By: Ed Dyer
15 October, 2017, 14:00
Even at the tender age of 21, Memphis based musician Julien Baker already has an acclaimed album under her belt – 2015 solo debut Sprained Ankle, self-recorded when she was just 18. It was a beautiful record built round the simplicity of Bakers voice and guitar – bleak yet hopeful, intimate and honest. This follow-up record, Turn Out the Lights, therefore, has something to live up to, and because of the success of its predecessor, it must do so on a bigger stage and under the glare of brighter lights.
It is a good thing then that it does meet the hype, exhibiting the same fundamental resilience and vulnerability that made Sprained Ankle such an affecting listen, but with production that is much fuller. The sparse music is now given shading with strings and woodwind, and piano leads several tracks. This evolution in sound allows greater scope and texture to the songs and give them added intensity. There is a road movie cinematic grace to the album, a haunting and breathless feeling of wide open expanses, vulnerability and movement.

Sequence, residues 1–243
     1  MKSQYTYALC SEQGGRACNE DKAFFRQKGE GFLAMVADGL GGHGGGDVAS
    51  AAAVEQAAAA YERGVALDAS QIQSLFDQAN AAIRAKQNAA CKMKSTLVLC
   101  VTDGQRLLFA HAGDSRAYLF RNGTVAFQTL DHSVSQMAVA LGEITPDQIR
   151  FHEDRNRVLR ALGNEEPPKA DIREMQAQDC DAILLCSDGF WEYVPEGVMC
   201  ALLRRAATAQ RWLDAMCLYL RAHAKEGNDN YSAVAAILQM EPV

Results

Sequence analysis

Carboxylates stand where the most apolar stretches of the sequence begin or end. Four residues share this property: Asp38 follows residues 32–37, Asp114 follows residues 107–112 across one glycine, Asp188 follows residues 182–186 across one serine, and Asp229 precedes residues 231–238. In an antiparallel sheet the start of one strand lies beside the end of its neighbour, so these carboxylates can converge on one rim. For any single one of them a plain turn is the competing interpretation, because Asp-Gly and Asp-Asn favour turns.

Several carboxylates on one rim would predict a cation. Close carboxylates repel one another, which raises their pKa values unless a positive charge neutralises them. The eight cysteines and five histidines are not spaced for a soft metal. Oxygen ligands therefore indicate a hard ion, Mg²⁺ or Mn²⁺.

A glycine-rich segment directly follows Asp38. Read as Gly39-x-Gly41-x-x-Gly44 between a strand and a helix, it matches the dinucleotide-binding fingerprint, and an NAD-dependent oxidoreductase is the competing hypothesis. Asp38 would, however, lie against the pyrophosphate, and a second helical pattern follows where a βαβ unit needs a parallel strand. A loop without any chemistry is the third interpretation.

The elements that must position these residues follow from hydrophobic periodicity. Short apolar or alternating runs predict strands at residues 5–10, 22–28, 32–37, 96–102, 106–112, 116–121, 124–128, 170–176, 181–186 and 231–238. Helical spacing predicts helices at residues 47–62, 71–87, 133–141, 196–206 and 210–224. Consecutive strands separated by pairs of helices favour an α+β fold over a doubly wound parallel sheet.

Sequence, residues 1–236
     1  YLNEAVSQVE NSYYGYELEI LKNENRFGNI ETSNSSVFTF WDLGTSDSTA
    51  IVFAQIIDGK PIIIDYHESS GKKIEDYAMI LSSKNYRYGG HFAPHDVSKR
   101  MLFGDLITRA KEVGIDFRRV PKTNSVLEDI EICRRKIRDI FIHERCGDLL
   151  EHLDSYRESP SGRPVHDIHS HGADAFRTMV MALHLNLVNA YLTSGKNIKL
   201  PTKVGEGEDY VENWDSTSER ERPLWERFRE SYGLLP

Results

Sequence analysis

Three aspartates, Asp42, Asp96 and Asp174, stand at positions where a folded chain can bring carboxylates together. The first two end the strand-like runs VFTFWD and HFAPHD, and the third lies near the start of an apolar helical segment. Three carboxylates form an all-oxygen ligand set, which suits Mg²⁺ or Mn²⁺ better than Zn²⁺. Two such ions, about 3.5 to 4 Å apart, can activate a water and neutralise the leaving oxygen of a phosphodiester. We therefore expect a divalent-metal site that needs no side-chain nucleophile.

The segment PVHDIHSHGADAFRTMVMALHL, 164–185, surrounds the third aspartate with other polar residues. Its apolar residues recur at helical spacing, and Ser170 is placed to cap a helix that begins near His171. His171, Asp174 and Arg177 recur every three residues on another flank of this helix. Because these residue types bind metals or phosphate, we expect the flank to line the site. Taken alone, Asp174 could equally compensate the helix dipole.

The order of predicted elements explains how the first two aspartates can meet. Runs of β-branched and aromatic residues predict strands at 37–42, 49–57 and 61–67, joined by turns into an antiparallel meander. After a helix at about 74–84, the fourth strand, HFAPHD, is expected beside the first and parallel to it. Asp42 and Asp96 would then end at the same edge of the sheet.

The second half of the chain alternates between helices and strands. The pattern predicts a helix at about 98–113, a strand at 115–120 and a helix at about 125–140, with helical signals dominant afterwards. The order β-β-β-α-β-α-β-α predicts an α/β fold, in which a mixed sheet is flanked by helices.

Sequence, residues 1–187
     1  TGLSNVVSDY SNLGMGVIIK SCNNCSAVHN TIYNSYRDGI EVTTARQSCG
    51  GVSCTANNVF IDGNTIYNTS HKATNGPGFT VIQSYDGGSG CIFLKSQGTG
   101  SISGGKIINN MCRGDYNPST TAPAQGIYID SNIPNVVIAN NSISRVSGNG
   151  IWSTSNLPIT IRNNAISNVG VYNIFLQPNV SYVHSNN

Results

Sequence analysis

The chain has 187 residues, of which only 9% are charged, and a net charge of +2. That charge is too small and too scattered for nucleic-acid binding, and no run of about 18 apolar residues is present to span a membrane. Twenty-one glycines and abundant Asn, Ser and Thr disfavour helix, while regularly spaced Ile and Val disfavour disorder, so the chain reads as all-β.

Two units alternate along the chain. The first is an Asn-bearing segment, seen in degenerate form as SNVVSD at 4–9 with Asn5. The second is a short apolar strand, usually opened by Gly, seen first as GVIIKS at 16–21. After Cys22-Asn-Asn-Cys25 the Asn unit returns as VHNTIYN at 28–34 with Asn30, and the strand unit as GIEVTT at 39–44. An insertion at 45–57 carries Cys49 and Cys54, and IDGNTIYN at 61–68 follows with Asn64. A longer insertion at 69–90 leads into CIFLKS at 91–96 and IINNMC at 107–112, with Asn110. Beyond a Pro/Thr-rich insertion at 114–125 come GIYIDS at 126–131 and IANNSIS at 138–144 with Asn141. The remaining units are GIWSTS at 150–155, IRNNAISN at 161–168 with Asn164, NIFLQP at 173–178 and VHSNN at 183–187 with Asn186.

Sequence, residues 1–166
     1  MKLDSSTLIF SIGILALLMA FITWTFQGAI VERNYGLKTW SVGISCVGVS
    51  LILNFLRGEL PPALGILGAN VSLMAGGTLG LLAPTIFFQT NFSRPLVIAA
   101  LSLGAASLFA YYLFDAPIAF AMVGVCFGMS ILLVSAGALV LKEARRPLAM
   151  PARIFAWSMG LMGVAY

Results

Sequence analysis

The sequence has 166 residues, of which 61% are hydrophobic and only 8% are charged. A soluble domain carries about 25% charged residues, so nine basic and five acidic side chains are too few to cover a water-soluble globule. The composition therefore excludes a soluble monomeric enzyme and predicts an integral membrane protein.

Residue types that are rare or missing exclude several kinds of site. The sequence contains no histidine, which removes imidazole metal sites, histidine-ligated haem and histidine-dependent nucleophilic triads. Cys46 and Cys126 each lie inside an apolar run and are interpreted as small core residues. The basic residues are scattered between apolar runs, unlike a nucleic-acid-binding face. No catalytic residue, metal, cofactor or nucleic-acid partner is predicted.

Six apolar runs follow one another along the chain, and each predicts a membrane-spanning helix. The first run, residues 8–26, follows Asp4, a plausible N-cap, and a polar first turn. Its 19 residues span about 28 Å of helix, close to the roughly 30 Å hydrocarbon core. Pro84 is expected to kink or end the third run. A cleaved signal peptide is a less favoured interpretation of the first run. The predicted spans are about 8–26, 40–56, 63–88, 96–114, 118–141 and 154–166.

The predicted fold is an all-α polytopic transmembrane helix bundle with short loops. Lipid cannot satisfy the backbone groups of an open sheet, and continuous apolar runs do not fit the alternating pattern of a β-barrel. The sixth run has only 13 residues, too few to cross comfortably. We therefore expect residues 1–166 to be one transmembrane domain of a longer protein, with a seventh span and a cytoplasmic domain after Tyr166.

The world we are welcomed into is one of internal struggle, redemption and relationships, subjects treated with unwavering honesty, acceptance and a desire to understand complex truths and elevate things beyond simple black and white answers. To see the grey in between. Unlike her debut, which focused on her own life and identity as a gay Christian woman, Turn Out The Lights is more expansive, pulling inspiration from other people and events around her. The outcome of this approach is an articulate narrative that observes the diverse ways people deal with issues and experiences and how resulting actions can impact upon both ourselves and others. It attempts to answer how coping with myriad internal conflicts can affect relationships, whether they are romantic, familial, or more platonic.
This beautiful, balanced and haunting record embraces the challenges of real life, weaving personal struggles together into an unexpectedly optimistic and healing refrain. Baker has an obvious compassion for the whole human experience, even the darker aspects, finding liberation in broadcasting the things she finds ugly and unlovable, especially in herself, self-healing by helping others to heal.
Turn Out The Lights is out on 27th October via Matador Records.